Conditional funding gains support amid talk of new Marshall Plan

Workers in Caguas, south of San Juan, Puerto Rico, repair electrical lines on Oct. 25, more than a month after Hurricane Maria hit the island. (Ramon Tonito Zayas/AP file photo)

In late September, just over a week after winds of 155 miles per hour flattened homes and struck down power lines and more than 30 inches of rain inundated parts of the island of Puerto Rico, a leader of the recovery efforts with the Army Corps of Engineers offered his blunt assessment of the damage.

“This is a massive undertaking, one in which I don’t think we’ve undertaken before in terms of this magnitude,” Col. James DeLapp told CNN. The closest thing he could think of by way of comparison? “When the Army Corps led the effort to restore … electricity in the early stages of the Iraq war in 2003 and 2004.”

Civility Pledge Signers ‘Disagree Without Being Disagreeable’ in a Tumultuous Congress
HOH talked to 18 freshman members who signed pledge earlier this year

From left, Reps. Lou Correa of California, Brian Mast of Florida and Scott Taylor of Virginia walk down the House steps after the group photo for the freshman class during orientation week in November 2016. (Bill Clark/CQ Roll Call file photo)

House freshmen who signed a civility pledge say they’ve been able to live up to their agreement to “disagree without being disagreeable” and even strike up some friendships amid a rancorous Congress.

Rep. Mike Johnson, the author of the pledge that the lawmakers signed in January, said his model for civility is former President Ronald Reagan.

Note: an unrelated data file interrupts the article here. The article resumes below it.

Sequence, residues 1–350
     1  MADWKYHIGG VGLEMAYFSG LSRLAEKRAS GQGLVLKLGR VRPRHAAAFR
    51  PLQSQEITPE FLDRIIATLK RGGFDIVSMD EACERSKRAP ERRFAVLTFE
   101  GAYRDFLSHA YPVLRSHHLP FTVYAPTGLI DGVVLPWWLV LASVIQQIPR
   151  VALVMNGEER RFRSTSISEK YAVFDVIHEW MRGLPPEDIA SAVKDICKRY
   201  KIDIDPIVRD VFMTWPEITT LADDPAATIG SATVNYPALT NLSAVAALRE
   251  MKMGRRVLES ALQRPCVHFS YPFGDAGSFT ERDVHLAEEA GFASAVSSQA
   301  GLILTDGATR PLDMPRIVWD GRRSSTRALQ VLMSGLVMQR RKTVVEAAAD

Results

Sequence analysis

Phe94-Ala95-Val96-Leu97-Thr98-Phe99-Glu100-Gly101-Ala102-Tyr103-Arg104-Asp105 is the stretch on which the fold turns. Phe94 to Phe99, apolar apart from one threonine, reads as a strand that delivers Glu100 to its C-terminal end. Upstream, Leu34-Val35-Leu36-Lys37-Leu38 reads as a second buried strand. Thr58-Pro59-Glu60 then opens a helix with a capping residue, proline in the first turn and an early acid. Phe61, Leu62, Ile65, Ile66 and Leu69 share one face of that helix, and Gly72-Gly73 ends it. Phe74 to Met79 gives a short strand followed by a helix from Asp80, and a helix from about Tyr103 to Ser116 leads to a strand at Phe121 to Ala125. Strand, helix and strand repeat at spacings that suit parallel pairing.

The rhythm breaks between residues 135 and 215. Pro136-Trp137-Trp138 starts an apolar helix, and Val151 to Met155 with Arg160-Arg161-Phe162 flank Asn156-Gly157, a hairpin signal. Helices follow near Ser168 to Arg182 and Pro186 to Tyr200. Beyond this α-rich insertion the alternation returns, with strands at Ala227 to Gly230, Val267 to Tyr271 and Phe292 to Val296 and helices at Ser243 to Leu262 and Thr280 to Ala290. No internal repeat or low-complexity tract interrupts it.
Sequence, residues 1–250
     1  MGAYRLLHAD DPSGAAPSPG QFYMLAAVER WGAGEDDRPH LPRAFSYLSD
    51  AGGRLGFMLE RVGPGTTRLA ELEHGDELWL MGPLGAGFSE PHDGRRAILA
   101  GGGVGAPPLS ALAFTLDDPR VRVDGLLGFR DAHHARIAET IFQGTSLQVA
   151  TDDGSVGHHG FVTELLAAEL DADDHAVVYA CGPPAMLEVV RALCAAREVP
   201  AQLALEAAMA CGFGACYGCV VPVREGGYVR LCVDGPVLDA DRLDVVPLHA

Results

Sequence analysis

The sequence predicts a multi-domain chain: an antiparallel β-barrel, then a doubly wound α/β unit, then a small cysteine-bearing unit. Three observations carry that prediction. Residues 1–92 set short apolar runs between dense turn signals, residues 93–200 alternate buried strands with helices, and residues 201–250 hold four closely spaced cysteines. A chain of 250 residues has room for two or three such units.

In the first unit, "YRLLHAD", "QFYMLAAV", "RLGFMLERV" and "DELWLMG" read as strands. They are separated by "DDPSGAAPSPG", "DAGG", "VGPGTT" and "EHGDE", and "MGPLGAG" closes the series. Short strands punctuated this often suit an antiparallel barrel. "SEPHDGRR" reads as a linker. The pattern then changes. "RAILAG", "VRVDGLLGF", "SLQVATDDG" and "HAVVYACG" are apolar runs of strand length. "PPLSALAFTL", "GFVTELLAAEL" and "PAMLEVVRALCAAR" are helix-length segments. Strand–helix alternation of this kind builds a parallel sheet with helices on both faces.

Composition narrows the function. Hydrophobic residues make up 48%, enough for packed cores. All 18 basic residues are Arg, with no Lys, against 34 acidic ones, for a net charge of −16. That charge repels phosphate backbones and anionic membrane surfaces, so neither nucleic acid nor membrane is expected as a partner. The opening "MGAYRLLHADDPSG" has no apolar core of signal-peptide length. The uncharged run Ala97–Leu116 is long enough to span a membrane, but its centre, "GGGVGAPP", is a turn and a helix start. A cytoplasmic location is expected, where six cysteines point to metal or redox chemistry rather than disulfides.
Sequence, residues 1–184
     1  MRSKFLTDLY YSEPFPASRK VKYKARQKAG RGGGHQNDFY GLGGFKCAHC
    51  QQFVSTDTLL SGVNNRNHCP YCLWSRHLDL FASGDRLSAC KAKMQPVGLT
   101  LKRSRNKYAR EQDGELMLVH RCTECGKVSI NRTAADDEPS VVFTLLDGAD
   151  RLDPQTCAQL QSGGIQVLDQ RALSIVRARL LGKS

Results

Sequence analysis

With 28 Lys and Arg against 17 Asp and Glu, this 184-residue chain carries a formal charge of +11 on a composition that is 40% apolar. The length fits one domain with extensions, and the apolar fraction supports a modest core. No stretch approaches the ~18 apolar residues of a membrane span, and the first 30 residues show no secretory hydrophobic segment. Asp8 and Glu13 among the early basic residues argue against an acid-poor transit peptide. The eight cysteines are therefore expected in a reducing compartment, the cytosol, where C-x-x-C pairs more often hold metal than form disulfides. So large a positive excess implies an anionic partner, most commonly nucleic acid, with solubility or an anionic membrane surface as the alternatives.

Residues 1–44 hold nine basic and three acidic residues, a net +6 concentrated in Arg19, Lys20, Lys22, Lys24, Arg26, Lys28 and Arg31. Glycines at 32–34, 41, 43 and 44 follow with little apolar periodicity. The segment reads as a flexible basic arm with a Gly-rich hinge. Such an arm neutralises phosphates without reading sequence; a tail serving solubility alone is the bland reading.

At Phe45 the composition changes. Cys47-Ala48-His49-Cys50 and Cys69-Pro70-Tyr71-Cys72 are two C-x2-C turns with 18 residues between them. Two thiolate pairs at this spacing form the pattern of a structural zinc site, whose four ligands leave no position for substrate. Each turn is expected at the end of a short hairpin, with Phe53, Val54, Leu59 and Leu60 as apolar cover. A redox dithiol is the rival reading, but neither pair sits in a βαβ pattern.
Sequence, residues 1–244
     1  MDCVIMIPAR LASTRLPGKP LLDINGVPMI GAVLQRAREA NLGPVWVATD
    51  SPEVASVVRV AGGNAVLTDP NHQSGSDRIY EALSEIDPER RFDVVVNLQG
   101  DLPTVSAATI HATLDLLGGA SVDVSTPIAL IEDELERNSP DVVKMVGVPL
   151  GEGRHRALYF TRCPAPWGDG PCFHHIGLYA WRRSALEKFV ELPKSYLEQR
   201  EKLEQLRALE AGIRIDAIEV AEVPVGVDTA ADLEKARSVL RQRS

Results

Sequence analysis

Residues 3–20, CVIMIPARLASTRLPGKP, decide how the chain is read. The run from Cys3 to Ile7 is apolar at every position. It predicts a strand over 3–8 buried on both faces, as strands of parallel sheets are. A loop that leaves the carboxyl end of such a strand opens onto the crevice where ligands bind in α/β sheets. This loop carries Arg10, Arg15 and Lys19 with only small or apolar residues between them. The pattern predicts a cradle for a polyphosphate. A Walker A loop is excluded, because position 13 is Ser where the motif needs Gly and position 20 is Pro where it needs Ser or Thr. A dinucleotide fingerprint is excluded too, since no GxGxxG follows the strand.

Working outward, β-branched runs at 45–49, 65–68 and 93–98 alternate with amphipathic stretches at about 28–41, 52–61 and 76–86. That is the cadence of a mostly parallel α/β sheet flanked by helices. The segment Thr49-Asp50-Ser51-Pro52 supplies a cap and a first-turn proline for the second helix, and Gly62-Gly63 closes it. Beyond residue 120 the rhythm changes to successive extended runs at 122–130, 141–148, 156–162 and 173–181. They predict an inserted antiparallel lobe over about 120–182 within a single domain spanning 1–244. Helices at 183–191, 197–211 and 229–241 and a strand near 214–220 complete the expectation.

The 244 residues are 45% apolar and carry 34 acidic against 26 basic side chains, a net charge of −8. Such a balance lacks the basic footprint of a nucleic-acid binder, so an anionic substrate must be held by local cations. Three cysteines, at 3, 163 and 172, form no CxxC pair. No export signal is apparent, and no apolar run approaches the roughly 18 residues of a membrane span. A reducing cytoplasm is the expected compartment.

Senators Unclear on Plan to Fund Government Days Before Funding Expires
Republican senators say second continuing resolution into January possible

Senate Minority Leader Charles E. Schumer, D-N.Y., and Sen. Richard J. Durbin, D-Ill., would need to be consulted to secure needed Democratic votes for a continuing resolution. (Bill Clark/CQ Roll Call)

Freshman Civility Pledge Reflections: Across-the-Aisle Friendships
Members of the House freshman class discuss bipartisan relationships

From left to right: Rep. Charlie Crist, D-Fla., Lisa Blunt Rochester, D-Del., and Brian Fitzpatrick, R-Pa., interviewed by HOH's Alex Gangitano. (Bian Elkhatib/CQ Roll Call)

Louisiana Republican Mike Johnson, right out of the gate of his first term in Congress, decided to set civility in stone.

“If the nation’s leaders can’t model civility, then it’s pretty hopeless for the rest of the country,” he said.

Trump Tax Taunts Don’t Trouble Red-State Democrats
McCaskill outspoken in criticism of Senate GOP measure

Missouri Sen. Claire McCaskill speaks Tuesday during the Senate Democrats news conference on taxes. (Bill Clark/CQ Roll Call)

Moderate Senate Democrats — many of them on the ballot in 2018 — came together with a unified message Tuesday morning, just before President Donald Trump arrived at the Capitol to meet with the Republican Conference.

Sen. Tim Kaine was perhaps the most direct. The Virginia Democrat said at the news conference that the GOP should make a run at a bipartisan product before bringing to the floor a tax reconciliation bill that would only require a simple majority to pass.